Torben Sigsgaard

Molds in floor dust and building-related symptoms among adolescent school children: a problem for boys only?

Publikation: Bidrag til tidsskrift/Konferencebidrag i tidsskrift /Bidrag til avisTidsskriftartikelForskningpeer review

  • H W Meyer
  • ,
  • H Würtz, Danmark
  • Poul Vilhelm Suadicani, Institut for Klinisk Medicin, Danmark
  • O Valbjørn
  • ,
  • Torben Sigsgaard
  • F Gyntelberg, Danmark
  • Members of a Working Group under the Danish Mold in Buildings program (DAMIB)
  • Afdeling for Miljø- og Arbejdsmedicin
In this stratified cross-sectional study in eight 'wet' and seven 'dry' schools, 1024 adolescent school children reported potentially building-related symptoms (BRS) in self-administrated questionnaires. From their classrooms dust samples were collected from floors, ventilation ducts, and air; settled dust was collected in cardboard boxes over a period of 5 months. Measurements of temperature, relative humidity and CO2 were performed. BRS were strongly associated with personal factors like recent airway infections, hay fever, asthma and psycho-social work load, but also to molds in floor dust and presence of mechanical ventilation. The association between molds in floor dust and BRS has in stratified analyses shown a strong association among adolescent school boys, and no association among adolescent school girls using multivariable analyses controlling for relevant confounders. In contrast to the menstruating school girls, the symptoms among the small group of not yet menstruating girls were associated with the levels of molds in floor dust. Their symptom prevalences were very similar to those of the boys. This finding makes us suggest a new hypothesis: The higher endogenous estrogen levels of sexually matured adolescent females seems to protect them from the effects of molds in dust, despite their overall higher symptom prevalence. PRACTICAL IMPLICATIONS: In this cross-sectional epidemiological study of adolescent school children we found independent significant positive associations between building-related symptoms and viable molds in floor dust in boys and non-menstruating girls. In contrast, no such associations were seen among menstruating girls. The identification of these two susceptible groups adds further support the relevance of minimizing sources of dust and mold exposure.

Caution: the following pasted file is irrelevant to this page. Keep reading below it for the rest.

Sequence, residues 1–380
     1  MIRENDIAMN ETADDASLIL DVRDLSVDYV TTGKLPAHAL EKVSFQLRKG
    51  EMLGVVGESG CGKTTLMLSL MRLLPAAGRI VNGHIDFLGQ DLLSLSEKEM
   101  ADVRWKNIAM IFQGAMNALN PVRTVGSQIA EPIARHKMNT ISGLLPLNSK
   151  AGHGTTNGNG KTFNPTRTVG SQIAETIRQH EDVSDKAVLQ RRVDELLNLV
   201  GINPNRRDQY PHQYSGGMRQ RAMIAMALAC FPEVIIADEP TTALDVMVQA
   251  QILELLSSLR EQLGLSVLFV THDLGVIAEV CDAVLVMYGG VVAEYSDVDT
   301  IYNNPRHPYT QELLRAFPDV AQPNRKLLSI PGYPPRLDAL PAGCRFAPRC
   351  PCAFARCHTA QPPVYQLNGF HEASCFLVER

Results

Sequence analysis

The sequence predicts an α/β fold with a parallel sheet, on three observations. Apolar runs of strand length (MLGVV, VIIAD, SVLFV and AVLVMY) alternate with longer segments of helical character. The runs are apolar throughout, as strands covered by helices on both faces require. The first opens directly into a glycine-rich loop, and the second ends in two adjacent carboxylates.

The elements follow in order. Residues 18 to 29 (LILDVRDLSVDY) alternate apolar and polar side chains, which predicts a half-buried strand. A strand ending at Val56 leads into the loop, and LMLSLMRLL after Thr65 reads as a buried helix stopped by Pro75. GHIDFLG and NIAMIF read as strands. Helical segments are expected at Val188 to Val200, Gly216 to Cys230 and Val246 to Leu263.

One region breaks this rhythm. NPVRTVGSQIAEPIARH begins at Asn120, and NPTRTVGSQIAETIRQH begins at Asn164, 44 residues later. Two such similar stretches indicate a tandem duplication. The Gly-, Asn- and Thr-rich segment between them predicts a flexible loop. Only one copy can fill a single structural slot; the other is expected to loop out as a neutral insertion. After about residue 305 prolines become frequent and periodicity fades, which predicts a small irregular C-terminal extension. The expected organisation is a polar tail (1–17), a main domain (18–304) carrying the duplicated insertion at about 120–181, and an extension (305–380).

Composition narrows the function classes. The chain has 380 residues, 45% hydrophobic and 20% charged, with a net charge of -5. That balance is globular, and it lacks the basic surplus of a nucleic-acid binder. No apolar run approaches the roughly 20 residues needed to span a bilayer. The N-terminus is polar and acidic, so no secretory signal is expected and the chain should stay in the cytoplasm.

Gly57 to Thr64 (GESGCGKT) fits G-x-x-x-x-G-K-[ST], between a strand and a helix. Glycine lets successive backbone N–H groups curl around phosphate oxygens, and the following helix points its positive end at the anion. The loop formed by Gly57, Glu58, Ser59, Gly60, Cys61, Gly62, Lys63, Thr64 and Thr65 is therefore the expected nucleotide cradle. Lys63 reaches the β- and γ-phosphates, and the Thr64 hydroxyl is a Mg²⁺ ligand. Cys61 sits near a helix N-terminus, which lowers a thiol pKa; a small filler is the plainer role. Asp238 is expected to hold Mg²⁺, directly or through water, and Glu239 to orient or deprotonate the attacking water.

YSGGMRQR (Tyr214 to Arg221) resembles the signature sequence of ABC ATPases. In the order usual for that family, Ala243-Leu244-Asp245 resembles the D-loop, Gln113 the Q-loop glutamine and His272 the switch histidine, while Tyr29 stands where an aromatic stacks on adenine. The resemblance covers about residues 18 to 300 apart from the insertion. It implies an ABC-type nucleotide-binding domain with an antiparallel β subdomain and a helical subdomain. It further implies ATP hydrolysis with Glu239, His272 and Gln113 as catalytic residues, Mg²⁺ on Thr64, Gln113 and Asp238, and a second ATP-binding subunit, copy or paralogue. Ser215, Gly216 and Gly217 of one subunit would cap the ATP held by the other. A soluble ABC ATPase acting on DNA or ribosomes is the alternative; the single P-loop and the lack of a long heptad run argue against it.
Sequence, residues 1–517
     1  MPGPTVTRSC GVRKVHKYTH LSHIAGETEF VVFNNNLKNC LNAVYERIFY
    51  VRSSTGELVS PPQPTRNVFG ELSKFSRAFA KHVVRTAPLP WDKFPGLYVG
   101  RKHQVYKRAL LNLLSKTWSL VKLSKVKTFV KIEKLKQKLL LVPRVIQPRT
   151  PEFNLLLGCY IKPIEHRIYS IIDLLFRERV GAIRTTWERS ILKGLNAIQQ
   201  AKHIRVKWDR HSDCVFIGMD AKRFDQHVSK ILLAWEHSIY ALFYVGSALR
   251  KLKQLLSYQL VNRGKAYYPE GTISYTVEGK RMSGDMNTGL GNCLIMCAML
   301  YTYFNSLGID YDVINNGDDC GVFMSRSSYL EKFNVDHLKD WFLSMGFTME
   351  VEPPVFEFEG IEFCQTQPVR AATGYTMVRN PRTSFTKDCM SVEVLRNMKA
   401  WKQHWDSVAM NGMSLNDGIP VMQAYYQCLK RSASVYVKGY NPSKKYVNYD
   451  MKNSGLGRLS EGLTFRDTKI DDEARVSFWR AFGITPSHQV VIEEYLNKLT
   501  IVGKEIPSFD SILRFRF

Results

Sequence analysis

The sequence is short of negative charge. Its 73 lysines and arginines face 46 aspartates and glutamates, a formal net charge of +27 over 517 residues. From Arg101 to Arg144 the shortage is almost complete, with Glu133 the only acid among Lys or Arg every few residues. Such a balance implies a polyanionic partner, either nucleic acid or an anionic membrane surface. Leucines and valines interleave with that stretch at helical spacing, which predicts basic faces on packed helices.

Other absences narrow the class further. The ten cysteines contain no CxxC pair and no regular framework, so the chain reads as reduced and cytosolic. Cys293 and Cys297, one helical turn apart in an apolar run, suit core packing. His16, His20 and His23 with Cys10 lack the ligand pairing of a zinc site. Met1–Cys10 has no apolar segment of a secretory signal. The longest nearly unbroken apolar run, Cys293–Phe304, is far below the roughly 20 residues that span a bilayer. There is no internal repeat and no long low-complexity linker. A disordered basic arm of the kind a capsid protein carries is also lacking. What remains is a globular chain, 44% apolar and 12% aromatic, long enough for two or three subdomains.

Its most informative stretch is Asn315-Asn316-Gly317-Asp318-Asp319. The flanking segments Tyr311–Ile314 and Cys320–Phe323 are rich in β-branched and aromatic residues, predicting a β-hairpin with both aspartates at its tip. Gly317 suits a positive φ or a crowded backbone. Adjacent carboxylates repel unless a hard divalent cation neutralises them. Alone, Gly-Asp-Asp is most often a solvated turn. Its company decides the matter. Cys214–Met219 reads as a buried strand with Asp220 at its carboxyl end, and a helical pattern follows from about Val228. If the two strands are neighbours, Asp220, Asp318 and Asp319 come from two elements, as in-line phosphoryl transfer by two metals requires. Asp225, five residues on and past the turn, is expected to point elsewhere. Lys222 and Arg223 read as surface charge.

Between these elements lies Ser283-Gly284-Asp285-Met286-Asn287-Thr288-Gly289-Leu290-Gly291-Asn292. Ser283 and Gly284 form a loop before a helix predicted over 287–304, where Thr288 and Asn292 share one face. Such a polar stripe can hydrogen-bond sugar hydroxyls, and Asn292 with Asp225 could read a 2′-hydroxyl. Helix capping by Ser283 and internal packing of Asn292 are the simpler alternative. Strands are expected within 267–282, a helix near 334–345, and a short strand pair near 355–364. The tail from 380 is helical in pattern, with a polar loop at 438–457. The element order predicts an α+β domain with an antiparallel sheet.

TidsskriftIndoor Air
NummerSuppl. 10
Sider (fra-til)17-24
Antal sider8
StatusUdgivet - aug. 2005

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